Joining us on the Weekend Panel today are Lavina Good, and Richard Harman They look at the movie being made about the CHCH mosque shootings, the vaccine rollout, and Auckland being crowned as the world's most liveable city.
Sam Schoeller is based near Klosters in Switzerland. He initially arrived in Switzerland 40 years ago in what was meant to be a short excursion to learn more about the country his father came from, but has remained there ever since.
Playing host to helminth parasitic worms could hold the key to living longer and staying free of chronic disease, according to a new article published in the eLife journal. Gastroenterologist Dr Tom Mules joins the show to explain.
Non-government bills changing laws around mobility device seizures, the wording of verdicts for insane offenders, and waka-jumping MPs have been worked on at Parliament.
There is a mass movement afoot among young people in China protesting not just their bleak personal economic prospects, but also the whole ethos of work hours that leave them exhausted. Nathan van der Klippe explains.
Listener Feedback for Saturday Morning for 12 June 2021.
Taonga puoro practitioner Rob Thorne (Ngati Tumutumu) is known for creating transcendent soundscapes by combining modern looping technology with traditional instruments made from stone, bone, shell and wood.
Anastasia Woolmer is a two times Australian Memory Champion. But she wasn't always blessed with a memory like a steel trap.
Rachel Taulelei is a strong advocate for the unrestricted trade of vaccines and essential medical supplies, as barriers around the import and export of vaccines has been a key issue preventing wide-spread immunisation in developing countries.
We humans have been evolving for millions of years, so why do we still have dodgy knees, crooked teeth and need glasses? Alex Bezzerides looks to answer those questions with his debut book.
Was there a link between the brutal attacks on Sir Peter Blake and Captain Pete Bethune in Brazil? In his new documentary, The Garden of Evil, Larry Keating investigates
When Canadian blockchain whiz Gerald Cotten died under mysterious circumstances while on honeymoon in India, the $215 million on his cryptocurrency exchange, Quadriga, also disappeared. For his new podcast, Exit Scam, cryptocurrency aficionado Aaron Lammer (Longform Podcast, CoinTalk) spent two years investigating the puzzling circumstances around …
The latest news and sports
Tame Malcolm has always been captivated by te ngahere - the forest. Now, Malcolm advocates using customary Maori methods to get rid of pests and is the operations manager at Te Tira Whakamataki - a not-for-profit Maori biodiversity network.
The Wuhan lab-leak theory is back in the limelight, and US President Biden has ordered an investigation into the origins of Covid-19.
The latest news in Solomon Island Pidgin (Tok Pisin).
Former Black Ferns captain Farah Palmer (Ngati Maniapoto, Waikato Tainui) was appointed as the deputy chair of Rugby NZ last month, making history as the first person to ever hold such a role within the organisation.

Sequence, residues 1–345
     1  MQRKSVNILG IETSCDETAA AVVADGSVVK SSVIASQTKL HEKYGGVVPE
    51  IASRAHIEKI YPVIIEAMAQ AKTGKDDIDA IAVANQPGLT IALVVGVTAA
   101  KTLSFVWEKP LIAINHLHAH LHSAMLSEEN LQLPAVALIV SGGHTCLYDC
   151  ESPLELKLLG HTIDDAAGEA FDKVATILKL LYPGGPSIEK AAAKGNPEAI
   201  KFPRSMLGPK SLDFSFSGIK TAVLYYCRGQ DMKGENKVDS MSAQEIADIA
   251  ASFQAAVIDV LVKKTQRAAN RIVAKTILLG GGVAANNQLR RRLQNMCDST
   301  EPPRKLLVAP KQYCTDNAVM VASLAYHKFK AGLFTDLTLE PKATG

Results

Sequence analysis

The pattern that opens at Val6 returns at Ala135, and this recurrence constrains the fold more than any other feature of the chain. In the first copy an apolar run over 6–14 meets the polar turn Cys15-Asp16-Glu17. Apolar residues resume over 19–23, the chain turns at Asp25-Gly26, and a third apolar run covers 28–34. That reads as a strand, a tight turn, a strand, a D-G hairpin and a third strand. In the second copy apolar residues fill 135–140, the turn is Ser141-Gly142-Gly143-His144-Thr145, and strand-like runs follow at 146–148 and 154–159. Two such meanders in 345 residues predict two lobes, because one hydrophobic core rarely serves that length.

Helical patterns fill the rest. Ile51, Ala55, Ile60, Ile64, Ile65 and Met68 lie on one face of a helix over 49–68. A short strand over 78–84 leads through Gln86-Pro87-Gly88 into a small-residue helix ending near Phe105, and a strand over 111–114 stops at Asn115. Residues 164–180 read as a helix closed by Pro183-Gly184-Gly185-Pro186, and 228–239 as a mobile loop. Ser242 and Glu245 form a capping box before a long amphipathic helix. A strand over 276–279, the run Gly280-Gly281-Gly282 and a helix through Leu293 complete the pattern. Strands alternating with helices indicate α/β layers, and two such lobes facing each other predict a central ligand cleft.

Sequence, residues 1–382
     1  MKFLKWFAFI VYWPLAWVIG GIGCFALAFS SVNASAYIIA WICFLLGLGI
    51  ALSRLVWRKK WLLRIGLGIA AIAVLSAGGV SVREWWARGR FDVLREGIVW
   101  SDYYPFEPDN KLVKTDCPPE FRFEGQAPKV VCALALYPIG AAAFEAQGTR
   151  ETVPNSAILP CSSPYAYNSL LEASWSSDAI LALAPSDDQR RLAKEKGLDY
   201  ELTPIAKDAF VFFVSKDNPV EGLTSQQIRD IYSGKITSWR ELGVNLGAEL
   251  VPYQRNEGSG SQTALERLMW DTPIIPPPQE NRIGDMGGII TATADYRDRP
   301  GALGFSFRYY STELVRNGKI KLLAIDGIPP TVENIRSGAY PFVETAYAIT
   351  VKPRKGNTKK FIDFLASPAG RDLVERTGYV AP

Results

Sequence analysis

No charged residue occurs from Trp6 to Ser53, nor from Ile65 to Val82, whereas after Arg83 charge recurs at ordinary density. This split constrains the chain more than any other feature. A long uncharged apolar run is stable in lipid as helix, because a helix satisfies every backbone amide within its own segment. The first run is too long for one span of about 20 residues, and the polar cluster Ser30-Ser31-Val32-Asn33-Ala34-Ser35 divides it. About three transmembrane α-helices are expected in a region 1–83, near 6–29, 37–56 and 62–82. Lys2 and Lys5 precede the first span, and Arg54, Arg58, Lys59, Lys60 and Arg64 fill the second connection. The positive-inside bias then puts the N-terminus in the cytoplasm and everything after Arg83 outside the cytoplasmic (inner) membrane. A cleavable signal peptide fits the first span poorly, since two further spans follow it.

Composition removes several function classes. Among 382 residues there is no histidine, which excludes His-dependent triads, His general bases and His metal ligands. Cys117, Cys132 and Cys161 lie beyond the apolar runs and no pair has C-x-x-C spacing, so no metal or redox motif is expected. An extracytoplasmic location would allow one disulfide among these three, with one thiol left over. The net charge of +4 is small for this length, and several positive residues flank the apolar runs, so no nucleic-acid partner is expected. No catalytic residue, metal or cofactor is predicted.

The latest news and sports
The latest news and sports
The latest news in Niuean language (Vagahau Niue) - brought to you by our partner - Pacific Media Network.
The Papua New Guinea Government believes it is winning the battle to control Covid-19 despite soaring infection figures; The Fiji government's Covid-19 response strategy has changed from containment to mitigation;The New Zealand human rights commission throws its support behind the call for an official apology from the government for the "Dawn Raid…
The Papua New Guinea Government believes it is winning the battle to control Covid-19 despite soaring infection figures.
The Fiji government's Covid-19 response strategy has changed from containment to mitigation.
Those wanting an official apology for the dawn raids of the 1970s have been helped along, with the human rights commission throwing its support behind the call.
The latest news in Cook Islands Maori (Te Reo Maori Kuki Airani) - brought to you by our partner - Pacific Media Network.
ABC Wantok Program for 11 June 2021.
TimeOut has named the coolest streets in the world and Melbourne's Smith Street has taken the top prize. Karyn crosses to a bar on Smith Street as the city comes out of lockdown for it's first night on the town in weeks.
A sprinkling of fresh snow welcomed record numbers of visitors to Mt Hutt in the South Island for it's first day of the season. Karyn speaks with ski area manager James McKenzie about who showed up and what to expect for the weekend.
Hi Full Disclosure fans – we have a new True Crime podcast we think you’ll enjoy called ‘If It Bleeds It Leads’ Could you be a criminal? What separates the way you think, from the criminal mind? Join the world’s leading professor of criminology, Prof. David Wilson and star of Silent Witness Emilia Fox as they discover what’s really going on behind …
Nightcaps residents are pleased newcomers are moving in to town and are renovating old homes. The population has fallen to about 350 but every day 120 people start work in the Southland town.
The winter crop of vegetables growing at Dominique Schacherer and Logan Kerr's market garden has turned 25 hectares of fertile earth into a sea of leafy greens.
Massey University is looking at the costs and benefits of farmers moving out of the wool business and into farming fleece-shedding Wiltshire sheep.
Some sizable apple developments are going in around Waipawa in Hawke's Bay, but labour is limiting investor enthusiasm, while in the South Island, south Otago farms are dry underfoot and feed utitlisation is good.